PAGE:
When you have multiple accounts, you will not be forced into stalling your transactions until the problem gets resolved. You can simply use your other account until the bank fixes the issues for your first account.

How to Set Up Multiple Bank Accounts

Each business has its own needs, but when it comes to setting up a second checking account or even a third, a small business owner will have to go through the following steps:

Register for EIN

When you are setting up your first business account, you need to apply for an employer identification number (EIN). EINs are free to apply for and most banks will require this number when opening a first or second account.

Aside from the EIN, the financial institutions might ask for other documents. This can include a photo ID issued by the government, a business license, or other relevant documents.

Apply for a Business Checking Account

Once you have all documents along with the EIN in order, you need to open a business checking account.

Review our list of the best business checking accounts.

This should be the main expense account that you are planning to use for your business.

A small business or sole owner will need a business checking account in order to manage payroll, pay bills for the company and receive payments from the clients.

You might want to refrain from using your personal account as your business account. Not only will you receive less financial protection, but it can become difficult to differentiate between business and personal finances. It's best to keep your company's finances separate from your personal ones. Review the requirements for business checking accounts and then proceed if you qualify.

Decide On Your Business Bank Account Needs

Once the bank approves your first account, it is time to think about your business needs and what you are looking for in a second one.

If you want to open a checking account, you may have to meet the qualifications for the bank you've chosen. For instance, if the new account requires a minimum balance, then you need to start putting money aside to cover the first deposit.

You also have to determine whether you need a checking or a savings account. If you go for the latter option, you need to remember that you should not touch the funds, lest you lose the interest.

Considerations when Opening Multiple Bank Accounts

If you are considering opening multiple accounts for your business, you might want to think about why you need those accounts in the first place. This applies especially if you are opening two business bank accounts of the same type. Although you could technically use the same bank account for two businesses, it is highly not recommended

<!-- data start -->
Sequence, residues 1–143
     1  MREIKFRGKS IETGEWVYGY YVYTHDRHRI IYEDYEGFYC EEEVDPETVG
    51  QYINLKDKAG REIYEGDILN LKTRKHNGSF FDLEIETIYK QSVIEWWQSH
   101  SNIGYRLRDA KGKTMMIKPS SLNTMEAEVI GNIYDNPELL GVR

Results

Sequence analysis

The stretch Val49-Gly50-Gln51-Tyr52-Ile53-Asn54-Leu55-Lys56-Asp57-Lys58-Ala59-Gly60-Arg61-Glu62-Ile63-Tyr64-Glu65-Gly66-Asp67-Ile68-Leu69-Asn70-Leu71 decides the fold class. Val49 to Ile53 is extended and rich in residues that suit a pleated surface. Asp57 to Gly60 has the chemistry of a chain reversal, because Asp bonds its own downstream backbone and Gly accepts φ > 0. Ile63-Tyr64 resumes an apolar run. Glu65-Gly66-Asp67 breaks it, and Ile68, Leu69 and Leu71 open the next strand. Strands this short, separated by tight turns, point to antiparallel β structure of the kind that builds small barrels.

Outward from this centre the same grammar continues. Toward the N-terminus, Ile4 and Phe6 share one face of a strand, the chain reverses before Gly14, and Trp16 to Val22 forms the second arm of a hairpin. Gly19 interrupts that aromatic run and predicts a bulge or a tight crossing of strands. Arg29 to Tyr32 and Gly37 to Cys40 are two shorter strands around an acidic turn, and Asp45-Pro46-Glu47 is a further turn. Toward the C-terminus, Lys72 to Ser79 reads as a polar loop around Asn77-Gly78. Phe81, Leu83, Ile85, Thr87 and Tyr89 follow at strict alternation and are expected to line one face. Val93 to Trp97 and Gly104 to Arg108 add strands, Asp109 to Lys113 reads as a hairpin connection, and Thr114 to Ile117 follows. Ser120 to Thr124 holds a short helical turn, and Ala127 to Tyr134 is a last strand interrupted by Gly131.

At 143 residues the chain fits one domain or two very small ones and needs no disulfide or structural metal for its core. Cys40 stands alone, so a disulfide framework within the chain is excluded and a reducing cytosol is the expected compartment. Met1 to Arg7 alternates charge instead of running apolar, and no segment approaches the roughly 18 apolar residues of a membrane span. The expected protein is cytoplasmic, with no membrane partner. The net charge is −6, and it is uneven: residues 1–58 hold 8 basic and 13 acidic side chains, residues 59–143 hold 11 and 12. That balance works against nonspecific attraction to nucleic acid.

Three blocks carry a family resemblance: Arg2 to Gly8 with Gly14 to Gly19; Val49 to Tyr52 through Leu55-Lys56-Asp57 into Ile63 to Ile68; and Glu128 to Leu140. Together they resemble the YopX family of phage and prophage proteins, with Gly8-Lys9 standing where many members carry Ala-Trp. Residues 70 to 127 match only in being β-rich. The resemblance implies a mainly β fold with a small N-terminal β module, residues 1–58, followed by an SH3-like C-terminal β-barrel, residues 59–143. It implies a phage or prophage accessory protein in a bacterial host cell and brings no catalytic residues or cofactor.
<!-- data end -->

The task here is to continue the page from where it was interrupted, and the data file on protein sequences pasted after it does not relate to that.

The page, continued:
When you are juggling two business bank accounts, bookkeeping can turn out to be more troublesome. For bigger businesses that manage multiple accounts, you might even need to hire an accountant.

Moreover, if you are handling multiple accounts, keep in mind that you'll have to remember the different account features. For instance, while one account might have no minimum balance requirements or transaction limits, others might have these.

Different banks might also ask for different fees, and sometimes it can be very difficult to remember all of them. For instance, some banks may offer unlimited transactions, whereas others can charge a fee if you go past a certain number. Take into account all the business bank account fees and costs before you open a new one.

By juggling separate accounts, you might end up forgetting which one is which and compromise your business's finances. As a small business owner, it's important to keep track of these limits so that your finances do not have to suffer.

BonsaI Cash: One Checking Account With Multiple Envelopes

If you are looking for one business account to help your small businesses stay more organized and perhaps even bring their business finances on a better track, try Bonsai Cash. With one account, Bonsai Cash allows you to create "envelopes" or other checking accounts to organize all of your businesses finances for tax purposes. You won't need to think about the effort needed to create multiple accounts.

Bonsai Cash lets you instantly create a separate account or envelope. Having multiple hubs or accounts will help you easily track your expenses and track your deductions.

Remember that while more than one account may not be the right choice for you right now, it can become a possibility in the future. As your business matures, you may need multiple hubs to track expenses.

Tom Smery
Tom Smery is a certified CPA for over a decade. In his free time, he writes articles to pass on his expert knowledge on taxes and accounting. Thomas has a wide range of deep knowledge on 1099 taxes, and finance topics. You can find him fishing when he is not preparing taxes for his clients or writing about accounting.